image from an ancient materia medica

Leaf from a 1224 Arabic translation of the Materia Medica of Dioscorides (Greek, 40-90 C.E.).  Courtesy the Metropolitan Museum of Art.  In this illustration, the man is preparing medicine from herbs and honey.  

We all understand that some things are going to make us healthier — and more often than not, they don’t come in a pill.  Often, they don’t even come on a plate.  Exercise, sleep, community, and moderation might well outweigh anything you put in your mouth.  Having said that, there are legitimate anti-aging, protective, vitality-enhancing foods and substances out there.  In no particular order, here are seven.  

NAC (n-acetyl cysteine)

is a cysteine derivative with profound benefits throughout the body. It protects all our cells. It reduces inflammation and erosion in the intestinal tract and lungs.  It protects the brain and heart from oxidative damage.  It both prevents problems and fixes them.  Taken daily, it has the best research I’ve ever seen for preventing the flu.  Taken acutely, it halves the duration and severity of colds.  It can lessen compulsive thoughts and addictive behaviors.  It makes pregnancy safer for the mother and fetus.  It helps the liver handle toxins – which benefits both the liver, and the body in general.  It decongests and detoxifies.

And all that’s just the tip of the iceberg.  And to be clear, these are not slight or marginal benefits.  Given enough time, they are noticeable and significant.

How can one nutrient do all that?  It turns out, NAC raises the levels of an antioxidant called glutathione in the body.  And glutathione is amazing.

As you probably know, antioxidants are protective compounds that neutralize damaging free radicals, created by sun exposure, pollution, exercise, and life.  We can never escape free radicals, so neutralizing them is an every-day, every-second activity.

Most antioxidants are exogenous, meaning they come from outside the body – basically, we eat and drink them.  Once absorbed, these sort of “bounce around” randomly until they intercept a free radical.  Endogenous antioxidants, on the other hand, are produced in the body, precisely where and when they’re needed.  So, they work with pinpoint accuracy to detoxify and cleanse and repair and maintain tissues and systems.

And glutathione is our most important endogenous antioxidant.

Now are you starting to see how NAC can do so much?

It is beyond the scope of this article to get into specifics, there are so many of them!  We’ve gone into more detail here, here, and here

A standard dose is 600 mg twice a day.  I take NAC daily.

Green Drinks:

Do you eat as much salad and leafy greens as you think you should? Neither do I.

So now there are all these “green drink” powders – basically, salad in a bottle.  They include ingredients like wheatgrass juice, spirulina, blue-green algae, etc.  Think of the health benefits of lettuce and spinach, only more concentrated.  If that doesn’t sound too appetizing, maybe it isn’t if you just mix it up in water and drink it straight.  But throw it in with a smoothie or blender drink, and you wouldn’t even know it’s there.  I have a toddler who happily drinks smoothies with “green drink” powder!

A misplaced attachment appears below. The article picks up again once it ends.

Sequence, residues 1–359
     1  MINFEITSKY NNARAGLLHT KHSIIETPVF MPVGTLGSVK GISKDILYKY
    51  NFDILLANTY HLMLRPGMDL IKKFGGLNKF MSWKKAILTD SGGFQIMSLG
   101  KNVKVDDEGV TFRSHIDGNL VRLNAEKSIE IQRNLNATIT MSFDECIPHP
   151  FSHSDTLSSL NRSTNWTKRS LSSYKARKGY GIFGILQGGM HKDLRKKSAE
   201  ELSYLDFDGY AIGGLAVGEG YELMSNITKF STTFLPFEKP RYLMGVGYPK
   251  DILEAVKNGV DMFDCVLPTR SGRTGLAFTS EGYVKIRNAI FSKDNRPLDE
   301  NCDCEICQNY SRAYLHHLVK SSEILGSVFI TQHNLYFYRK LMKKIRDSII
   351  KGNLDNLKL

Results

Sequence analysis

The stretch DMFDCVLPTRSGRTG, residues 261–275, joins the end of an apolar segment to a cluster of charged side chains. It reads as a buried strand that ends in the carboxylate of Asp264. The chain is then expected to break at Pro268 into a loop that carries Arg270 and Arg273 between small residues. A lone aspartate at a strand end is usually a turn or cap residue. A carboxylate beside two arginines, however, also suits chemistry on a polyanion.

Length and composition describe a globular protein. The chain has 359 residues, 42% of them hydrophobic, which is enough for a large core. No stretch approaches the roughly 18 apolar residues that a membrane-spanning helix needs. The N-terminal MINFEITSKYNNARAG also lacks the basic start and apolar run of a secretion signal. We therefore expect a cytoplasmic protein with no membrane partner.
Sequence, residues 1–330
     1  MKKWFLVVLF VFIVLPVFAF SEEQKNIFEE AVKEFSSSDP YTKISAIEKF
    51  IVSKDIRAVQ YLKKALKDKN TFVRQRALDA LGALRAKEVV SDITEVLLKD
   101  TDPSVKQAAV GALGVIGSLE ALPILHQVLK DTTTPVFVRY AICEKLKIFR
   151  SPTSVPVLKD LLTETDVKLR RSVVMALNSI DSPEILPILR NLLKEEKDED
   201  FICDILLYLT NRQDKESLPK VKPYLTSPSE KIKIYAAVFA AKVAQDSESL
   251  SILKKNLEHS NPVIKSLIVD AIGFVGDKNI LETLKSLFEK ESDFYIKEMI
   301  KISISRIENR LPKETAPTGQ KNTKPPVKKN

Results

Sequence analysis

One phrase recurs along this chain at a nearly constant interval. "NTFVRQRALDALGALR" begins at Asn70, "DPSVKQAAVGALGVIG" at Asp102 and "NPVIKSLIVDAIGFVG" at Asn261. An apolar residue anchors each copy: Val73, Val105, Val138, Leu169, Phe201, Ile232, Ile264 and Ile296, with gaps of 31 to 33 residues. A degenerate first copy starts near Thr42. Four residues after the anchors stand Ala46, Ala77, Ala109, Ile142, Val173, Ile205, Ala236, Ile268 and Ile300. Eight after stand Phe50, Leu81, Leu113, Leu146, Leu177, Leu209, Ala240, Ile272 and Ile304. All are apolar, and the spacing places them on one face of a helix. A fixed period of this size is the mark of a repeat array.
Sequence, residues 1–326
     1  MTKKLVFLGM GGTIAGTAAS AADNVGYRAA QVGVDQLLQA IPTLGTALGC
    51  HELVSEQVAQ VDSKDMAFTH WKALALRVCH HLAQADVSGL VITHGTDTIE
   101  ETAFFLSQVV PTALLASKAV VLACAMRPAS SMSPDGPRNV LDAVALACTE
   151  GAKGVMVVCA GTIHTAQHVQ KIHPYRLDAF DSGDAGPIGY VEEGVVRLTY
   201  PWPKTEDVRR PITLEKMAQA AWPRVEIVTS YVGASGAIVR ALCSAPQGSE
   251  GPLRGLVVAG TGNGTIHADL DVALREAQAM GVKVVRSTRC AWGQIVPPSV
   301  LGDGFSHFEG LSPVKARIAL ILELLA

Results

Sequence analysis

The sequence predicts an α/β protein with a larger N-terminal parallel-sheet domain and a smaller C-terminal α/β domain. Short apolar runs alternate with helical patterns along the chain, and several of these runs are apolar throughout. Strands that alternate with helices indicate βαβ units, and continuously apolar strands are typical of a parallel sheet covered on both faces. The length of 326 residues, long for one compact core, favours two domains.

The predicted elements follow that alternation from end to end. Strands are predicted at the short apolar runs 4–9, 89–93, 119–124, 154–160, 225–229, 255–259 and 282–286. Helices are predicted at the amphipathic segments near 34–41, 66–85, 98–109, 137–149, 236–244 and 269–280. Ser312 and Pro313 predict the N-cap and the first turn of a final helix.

I like the Vibrant Health brand, because it includes a lot of organics and concentrates, plus probiotics and small amounts of tonic herbs.  I like the one from Dragon Herbs for containing higher levels of tonic herbs and medicinal mushrooms, too.

Green Tea:

Let me say first, coffee is good for us. Not eight cups a day….  But one or two, if it doesn’t bother you, seems to do more good than harm.  So, I’m not recommending green tea because there’s anything wrong with coffee.

But where coffee is good for us, green tea is great.  Green tea has arguably the most impressive body of research on cancer prevention of any supplement or food, and for a variety of cancers, too.  It reduces risk factors for heart disease – and reduces heart disease risk.  The research on weight management is sound as well.  (That’s not to say a cup of green tea will “melt away the pounds” overnight.  But give it a few months).  Plus, it supports healthy gums.  Plus, it fits into your daily routine, hot or iced.  Not to mention caffeine in green tea is counterbalanced by theanine, which offsets the caffeine jitters.

What’s not to love?

Well, some people say the taste is not to love.  But bear in mind, green teas can be as diverse as red wines.  Almost everyone can find one they’ll enjoy.  If you don’t want to brew a cup, try matcha (Matcha is powdered green tea but with well over a hundred times the antioxidants of regular brewed green tea).  You can get fine, ceremonial-grade matcha (Rishi Tea is one Debra loves) or medium-to high-grade matcha to add right into smoothies and pastries.  If you’ve ever the Matcha Tiramisu off our catering menu, you know exactly how good it can be!

Omega-3 Fats:

Omega-3 fats are among the most researched molecules in health and wellness, with literally thousands of published clinical trials. When people talk about “healthy fish oil,” “healthy flax oil,” and “healthy fats in nuts and seeds and free-range eggs,” they’re talking about omega-3s.  And we’ve all heard that talk: how these healthy omega-3s reduce heart disease, cancer, and Alzheimer’s risk; treat arthritis and depression, and more.

Not all omega-3s are created equal, and long story short, the ones from animal products (free-range eggs, wild fish, truly pastured meat and dairy) are better than the ones from vegetarian sources.  But they’re all good.  If we’re talking supplements, a splash of clean fish oil in your morning smoothie is easy enough.  Or a few softgels.  For children, there are flavored liquids that are downright delicious.  You can also seek out wild, cold water, fatty fish; free range eggs, and nuts and seeds like hemp seeds, walnuts, and flax seeds.  Generally, we aim for 3,000 mg of omega-3s from fish (EPA and DHA), and maybe 6-9,000 mg from vegetarian sources (ALA).